Intel disappoints analysts and investors with failure to give investors reasons to smile on their smartphone plans.
Recently, in a crowded room of investors, media folk, partners and analysts Intel CEO Paul Otellini said,
"I'm going to disappoint some of you; we're not going to have a big
announcement on smartphones for smartphone customers today."Saying the planned smartphone will not be ready until 2012.He
then referenced the trouble they had back in February with Nokia on the
joint MeeGo smartphone venture (the Linux OS version of a smartphone).Otellini went on to say,
"You all know about the disappointment we had with Nokia in the February time frame, when they decided to go a different route. We
didn't sit down and mope after that. We took [back] the product that we
had been working on with Nokia very deeply for several years almost
exclusively—to the extent we didn't work with a lot of other customers.
We have freed up those resources and turned that design into a form
factor/reference design. We're shopping that now to a number of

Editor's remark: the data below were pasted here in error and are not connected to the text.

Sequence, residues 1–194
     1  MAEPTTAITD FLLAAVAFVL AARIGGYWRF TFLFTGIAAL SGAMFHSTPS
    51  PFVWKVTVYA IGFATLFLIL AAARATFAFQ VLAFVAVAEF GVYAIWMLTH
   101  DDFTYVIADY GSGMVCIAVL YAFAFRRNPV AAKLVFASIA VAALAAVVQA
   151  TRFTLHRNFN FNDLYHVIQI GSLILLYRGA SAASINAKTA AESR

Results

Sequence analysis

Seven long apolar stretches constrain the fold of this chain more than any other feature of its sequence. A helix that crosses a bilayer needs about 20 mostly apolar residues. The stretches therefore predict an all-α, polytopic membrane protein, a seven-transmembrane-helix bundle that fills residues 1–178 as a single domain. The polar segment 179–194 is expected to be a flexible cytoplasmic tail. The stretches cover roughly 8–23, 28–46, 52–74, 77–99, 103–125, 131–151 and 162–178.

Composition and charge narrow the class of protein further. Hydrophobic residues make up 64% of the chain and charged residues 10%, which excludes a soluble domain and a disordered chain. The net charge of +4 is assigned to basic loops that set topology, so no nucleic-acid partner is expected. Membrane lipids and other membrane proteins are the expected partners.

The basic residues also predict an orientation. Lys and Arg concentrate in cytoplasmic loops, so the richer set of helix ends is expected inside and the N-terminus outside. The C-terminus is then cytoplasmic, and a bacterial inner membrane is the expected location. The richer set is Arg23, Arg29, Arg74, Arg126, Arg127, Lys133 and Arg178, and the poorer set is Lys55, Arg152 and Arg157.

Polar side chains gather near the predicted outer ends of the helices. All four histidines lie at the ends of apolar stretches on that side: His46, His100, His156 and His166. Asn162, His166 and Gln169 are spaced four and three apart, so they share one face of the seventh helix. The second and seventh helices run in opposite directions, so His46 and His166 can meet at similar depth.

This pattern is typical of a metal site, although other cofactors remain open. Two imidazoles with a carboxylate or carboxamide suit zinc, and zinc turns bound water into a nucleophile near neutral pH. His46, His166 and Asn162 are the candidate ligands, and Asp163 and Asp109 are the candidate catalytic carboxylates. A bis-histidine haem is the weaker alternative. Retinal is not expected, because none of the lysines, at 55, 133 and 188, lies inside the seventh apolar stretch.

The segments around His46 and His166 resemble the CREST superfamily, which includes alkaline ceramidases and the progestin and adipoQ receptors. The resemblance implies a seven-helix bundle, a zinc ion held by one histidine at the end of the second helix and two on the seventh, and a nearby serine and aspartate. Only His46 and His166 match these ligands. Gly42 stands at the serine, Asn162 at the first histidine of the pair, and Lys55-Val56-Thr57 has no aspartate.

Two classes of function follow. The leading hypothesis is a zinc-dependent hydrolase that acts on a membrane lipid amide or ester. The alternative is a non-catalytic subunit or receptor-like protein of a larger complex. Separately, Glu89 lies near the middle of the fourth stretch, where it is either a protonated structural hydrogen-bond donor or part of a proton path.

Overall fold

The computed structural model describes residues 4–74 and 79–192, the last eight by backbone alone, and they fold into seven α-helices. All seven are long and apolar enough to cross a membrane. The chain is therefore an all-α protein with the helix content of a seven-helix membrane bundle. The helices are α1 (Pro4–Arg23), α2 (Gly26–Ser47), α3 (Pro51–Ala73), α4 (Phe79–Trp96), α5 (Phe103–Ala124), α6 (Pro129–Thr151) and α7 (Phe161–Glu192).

manufacturers ... and we've had good success. You'll see the first
Intel-based phones [using new Medfield chips] in the market the first
part of next year. In hindsight, Nokia was the wrong partner to have
Much has been suggested about the union of
the world’s largest chip manufacturer with one of the world’s largest
cell phone producers, but you do tend to wonder if not Nokia then who
would have been a better partner for such a venture for Intel?If you were Otellini, what would be your next move?Obviously, they have a nice reach into the Tablet arena, but should they fast track their smartphone initiative?Who would you turn to now that they seem to be yielding that ground for the time being?
On a positive note, according to Intel, every 600
smartphones in use today requires the equivalent of 1 server ( 80% of
which are powered by Intel processors ) to handle all of the demands of
asynchronous device communications. This requires a lot of processing -
approximately a $10 Billion business today growing to $20 Billion by
2020. Being the backbone provider is not a bad place to be right now. Intel has a history of being late to the game but I am sure they
will figure it out when their innovative production processes has been optimized to
enable them to compete.. Just wait, those 3D chips are coming soon!